by Jeremy Morrison, Inweekly
There’s gonna be some pushback when Mayor Grover Robinson asks the Pensacola City Council to drop the city’s mask mandate.
“Too soon,” said Ann Hill, who represents District 6 on the city council.
“Now is not the time to relax the mandate,” said District 2 council member Sherri Myers.
City council enacted its mask order — which requires the wearing of a mask in public businesses — as the state’s coronavirus spike began its sharp incline earlier in the summer. But Mayor Robinson is asking council to rescind the order because the number of COVID-related hospitalizations have declined.
“We’ve come down over a hundred hospitalizations in a month,” noted the mayor Wednesday, adding that other data points, such as tests positivity rates, also looked encouraging.
But concerns will be raised Thursday night when Robinson brings this matter before city council.
“I will not support doing away with the mandatory mask ordinance,” said Myers, suggesting that the council should consider the issue further, perhaps conduct a public workshop. “We need to ask our healthcare and our medical professionals to weigh in on this and not just take the mayor’s logic.”
Both Myers and Hill said that feedback they’re getting from constituents is overwhelmingly supportive of leaving the mask order in place.
“I could forward at least a dozen pro-mandate emails I’ve received in the past couple of days,” Hill said.
“I’ve gotten lots of emails from people, not one person has supported doing away with masks,” Myers said. “I’ve gotten at least four doctors who have begged us not to repeal the mask ordinance.”
One of the doctors who wrote to Myers, as well as the other six council members, was Dr. Pallavi Sindhu, who called the mayor’s position “not clinically sound judgement” and urged council to leave the order in place until a COVID vaccine has been developed.
“The reason our COVID cases are going down is in part [due] to masking and social distancing,” Sindhu wrote. “I believe that removing the masking mandate will cause our numbers to go up and will put my health, my patients’ health and my family’s health at risk.”
Dr. Jennifer Thompson, a local pediatrician, was another of the doctors to write council members, stressing that the mask order “has been crucial in decreasing the spread of COVID-19 and is essential to continue.”
“As physicians, we know that prevention is key. We do not automatically stop a preventative measure because a child is healthy or there is less disease, we continue it to be sure there is continued good health. The preventative measure is often the reason there is less disease. If you stop it, the disease increases and subsequent harm to the patient ensues,” Thompson wrote. “If you stop the mask mandate, COVID-19 will increase in incidence, more people will die and the pandemic will continue.”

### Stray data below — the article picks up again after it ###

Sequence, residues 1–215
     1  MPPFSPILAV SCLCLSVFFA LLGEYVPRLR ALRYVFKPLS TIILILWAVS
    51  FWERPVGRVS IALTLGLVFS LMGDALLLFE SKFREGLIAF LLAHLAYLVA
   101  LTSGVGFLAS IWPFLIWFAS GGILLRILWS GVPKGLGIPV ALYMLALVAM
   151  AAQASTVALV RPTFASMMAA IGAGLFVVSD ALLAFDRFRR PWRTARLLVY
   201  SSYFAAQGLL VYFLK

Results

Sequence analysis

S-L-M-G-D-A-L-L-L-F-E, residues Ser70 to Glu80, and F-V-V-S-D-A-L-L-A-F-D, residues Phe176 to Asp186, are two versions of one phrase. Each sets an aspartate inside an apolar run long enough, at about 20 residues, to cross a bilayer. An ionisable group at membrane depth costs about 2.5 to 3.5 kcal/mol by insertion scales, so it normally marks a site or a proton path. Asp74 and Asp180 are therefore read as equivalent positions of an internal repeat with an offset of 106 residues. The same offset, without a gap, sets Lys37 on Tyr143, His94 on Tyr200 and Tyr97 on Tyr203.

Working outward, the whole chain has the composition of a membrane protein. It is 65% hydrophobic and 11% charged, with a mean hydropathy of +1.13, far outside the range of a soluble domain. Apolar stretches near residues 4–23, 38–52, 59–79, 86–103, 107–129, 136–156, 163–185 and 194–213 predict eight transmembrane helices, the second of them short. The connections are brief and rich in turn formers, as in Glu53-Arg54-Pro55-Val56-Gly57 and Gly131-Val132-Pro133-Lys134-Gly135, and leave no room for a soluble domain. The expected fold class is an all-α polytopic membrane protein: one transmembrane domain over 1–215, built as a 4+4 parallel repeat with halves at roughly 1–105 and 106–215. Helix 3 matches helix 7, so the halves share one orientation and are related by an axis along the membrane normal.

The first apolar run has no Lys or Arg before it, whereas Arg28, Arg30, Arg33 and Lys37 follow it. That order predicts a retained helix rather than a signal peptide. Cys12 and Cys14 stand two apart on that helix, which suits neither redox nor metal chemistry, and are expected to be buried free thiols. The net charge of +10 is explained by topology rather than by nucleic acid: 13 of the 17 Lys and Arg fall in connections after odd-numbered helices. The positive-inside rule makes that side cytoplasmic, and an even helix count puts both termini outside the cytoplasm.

In addition to hearing from members of the medical community, city council members and the mayor have also heard from other notable voices regarding this issue.
John Peacock, former chairman of the Downtown Improvement Board, told council that it “makes no sense” to drop the mask order: “The last thing we need is a spike during the fall and have to roll back reopening of businesses.”
Economist Rick Harper wrote to city officials to tell them that “lifting the mask mandate prematurely is counterproductive for our community”: “The sooner we get rid of COVID-19 , the sooner things can return to normal. To give the City’s stamp of approval to reduced efforts to fight the spread of COVID-19 invites a rebound in the disease, a rebound in hospitalizations and deaths, and a lengthening of the period of economic damage to our community.”
And Stacey Kostevicki, executive director of Gulf Coast Kids House, contended that the city’s mask order had brought “a level of comfort” to the community: “It made ‘masking up’ normal and acceptable. I fear without an ordinance, that small businesses and agencies, such as mine, will have a harder time requiring anyone entering our facility to wear a mask. Making it a rule v. optional feels like a tremendous step backward to me.”
That last point resonates with Councilwoman Myers. She said she knows people who drive into Pensacola to shop because the city has a mask order, whereas Escambia County does not.
“A lot of people tell me they come to Pensacola to shop because they feel safer,” Myers said, adding that she agreed with this rationale. “I don’t shop out in the county.”
— The Pensacola City Council will consider Mayor Robinson’s request to drop the city’s mask order during its meeting Thursday, which begins at 5:30 p.m.